28. 28. Indexing Avoids Distortions• Income taxes have been indexed to avoid bracket creep – Bracket creep occurs when a household is moved into a higher tax bracket due to increases in nominal but not real income • Higher tax brackets have a higher tax rate• Indexing income taxes matches tax rates to the real income level – Suppose the tax rate on \$50,000 is 25% in 2000 – CPI is 1 for 2000, 1.25 for 2005 – Nominal income of \$62,500 is taxed 25% in 2005 12-28
29. 29. Distortions Caused by Taxes• Not all taxes are indexed• Capital depreciation allowance encourages purchase of capital goods – Allows firms to deduct a share of the purchase price as a business expense – Machine cost is \$1,000 and its useful life is 10 years • Capital depreciation allowance of \$100 per year • \$100 in year 1 is worth more than \$100 in year 10 because of inflation• In times of high inflation, investment in plant and equipment decreases 12-29
30. 30. Distortions Caused by Taxes• US tax system is complex – Taxes are collected at the federal, state, and city levels – Conflicting incentives• Taxes that are not indexed distort the tax incentives for people to work, save, and invest – Lower savings and investment means lower economic growth – a real cost of inflation 12-30
31. 31. Inflation Increases the Cost of Cash• If there is no inflation, cash holds its value over time – Some cash will be held for convenience• When inflation is high, cash loses value over time• Manage cash balances to limit losses – More frequent, smaller withdrawals cost consumers and businesses time, travel – a real cost of inflation – Banks process more transactions, increasing costs – another real cost of inflation – Costs of managing cash holding are called "shoe leather" costs, referring to the cost of frequent trips to the bank 12-31
32. 32. Unexpected Redistribution of Wealth• Unexpected inflation redistributes wealth• Suppose workers salaries are not indexed and inflation is higher than anticipated – Salaries lose purchasing power – Employers gain at the expense of workers• Similarly, unexpectedly high inflation benefits borrowers at the expense of lenders – Borrowers repay with dollars worth less than anticipated• Unexpected inflation confuses incentives 12-32
33. 33. Long-Run Planning• Some decisions have a long time horizon – Erratic inflation makes planning risky• Retirement planning requires an estimated cost for your desired life-style – Save too little and you live less well in the future – Save too much and you live less well now• Given the costs of inflation, most economists agree that low and stable inflation promotes a healthy economy 12-33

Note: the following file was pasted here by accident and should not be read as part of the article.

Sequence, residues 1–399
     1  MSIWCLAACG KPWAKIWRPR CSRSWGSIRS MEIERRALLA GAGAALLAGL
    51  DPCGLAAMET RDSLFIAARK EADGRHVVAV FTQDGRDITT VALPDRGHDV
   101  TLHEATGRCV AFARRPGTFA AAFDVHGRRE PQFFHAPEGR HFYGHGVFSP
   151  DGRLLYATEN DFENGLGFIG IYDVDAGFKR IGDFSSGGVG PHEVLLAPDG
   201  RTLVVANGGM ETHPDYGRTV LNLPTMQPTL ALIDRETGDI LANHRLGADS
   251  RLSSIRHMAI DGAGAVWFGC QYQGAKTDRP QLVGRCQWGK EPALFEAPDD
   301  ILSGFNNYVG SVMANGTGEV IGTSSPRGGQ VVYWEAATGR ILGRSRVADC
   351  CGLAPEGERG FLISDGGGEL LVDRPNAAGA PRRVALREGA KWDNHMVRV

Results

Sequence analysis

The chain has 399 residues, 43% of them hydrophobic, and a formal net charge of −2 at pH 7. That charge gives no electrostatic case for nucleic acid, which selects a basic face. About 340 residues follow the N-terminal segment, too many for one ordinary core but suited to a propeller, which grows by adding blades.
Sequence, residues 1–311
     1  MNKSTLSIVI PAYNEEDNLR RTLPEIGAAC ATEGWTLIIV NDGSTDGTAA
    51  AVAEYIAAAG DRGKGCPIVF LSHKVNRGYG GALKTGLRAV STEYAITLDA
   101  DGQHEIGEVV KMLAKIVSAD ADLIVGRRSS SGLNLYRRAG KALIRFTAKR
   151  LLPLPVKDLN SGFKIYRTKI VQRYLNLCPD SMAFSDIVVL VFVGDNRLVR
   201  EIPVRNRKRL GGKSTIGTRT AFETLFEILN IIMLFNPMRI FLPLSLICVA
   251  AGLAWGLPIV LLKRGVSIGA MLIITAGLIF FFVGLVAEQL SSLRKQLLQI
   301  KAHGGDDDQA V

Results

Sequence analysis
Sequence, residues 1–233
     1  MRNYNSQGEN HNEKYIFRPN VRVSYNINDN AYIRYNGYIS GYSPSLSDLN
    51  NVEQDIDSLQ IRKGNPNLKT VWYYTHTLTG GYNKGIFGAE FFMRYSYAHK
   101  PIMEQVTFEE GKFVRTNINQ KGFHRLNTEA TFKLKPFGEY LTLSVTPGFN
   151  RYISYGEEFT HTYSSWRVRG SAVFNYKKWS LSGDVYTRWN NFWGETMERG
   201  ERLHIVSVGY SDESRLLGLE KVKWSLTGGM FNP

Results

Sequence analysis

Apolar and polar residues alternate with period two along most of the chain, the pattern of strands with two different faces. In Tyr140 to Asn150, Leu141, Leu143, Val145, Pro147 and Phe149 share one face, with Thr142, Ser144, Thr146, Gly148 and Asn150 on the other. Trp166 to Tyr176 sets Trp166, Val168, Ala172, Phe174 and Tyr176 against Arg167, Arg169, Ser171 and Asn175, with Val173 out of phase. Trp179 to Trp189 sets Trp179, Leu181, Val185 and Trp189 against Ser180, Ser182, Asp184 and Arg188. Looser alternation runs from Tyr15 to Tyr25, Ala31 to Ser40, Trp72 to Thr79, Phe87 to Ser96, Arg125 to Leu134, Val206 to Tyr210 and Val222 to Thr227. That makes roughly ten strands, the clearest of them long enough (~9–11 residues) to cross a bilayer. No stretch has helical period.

34. 34. Hyperinflation• Hyperinflation is an extremely high rate of inflation – In 1923, German employers paid workers twice a day – Magnifies the costs of inflation – Minimize your cash holding• A study of market economies, 1960 – 1996 showed 45 episodes of high inflation (100+%) in 25 countries – Real GDP/person fell by an average of 1.6% per year – Real consumption/ person fell by an average of 1.3% per year – Real investment per person fell by an average of 3.3% per year 12-34
35. 35. Inflation and Interest Rates• Unanticipated inflation helps borrowers and hurts lenders• The real interest rate is the annual percentage increase in the purchasing power of financial assets – Real interest rate = nominal interest rate – inflation r=i-π• The nominal interest rate is the annual percentage increase in the dollar value of an asset – Nominal interest rates are the most commonly stated rates 12-35
36. 36. Inflation and Interest Rates• Nominal interest rates and inflation vary Interest Inflation Year • Nominal interest rate range Rate (%) Rate (%) is 1.4% to 11.5% 1970 6.5% 5.7% • Inflation rate range is 2.7% 1975 5.8 9.1 to 13.5% 1980 11.5 13.5– Real interest rate is nominal 1985 7.5 3.6 interest rate minus inflation 1990 7.5 5.4 • Real interest rate was 1995 5.5 2.8 highest in 1985, 3.9% • Real interest rate was 2000 5.9 3.4 lowest in 1975, – 3.3% 2005 3.2 3.4 12-36
37. 37. US Real Interest Rates, 1960 - 2009 12-37
38. 38. Inflation and Interest Rates• Unexpected inflation benefits borrowers and hurts lenders – For a given nominal interest rate, the higher the inflation rate, the lower the real interest rate• Expected inflation may not hurt lenders if they can adjust the nominal interest rates – Inflation-protected bonds pay a real rate of interest plus the inflation rate• The Fisher effect is the tendency for nominal interest rates to be high when inflation is high and low when inflation is low 12-38
39. 39. US Inflation and Interest Rates, 1960 - 2009 12-39
40. 40. Inflation and Price Levels 12-40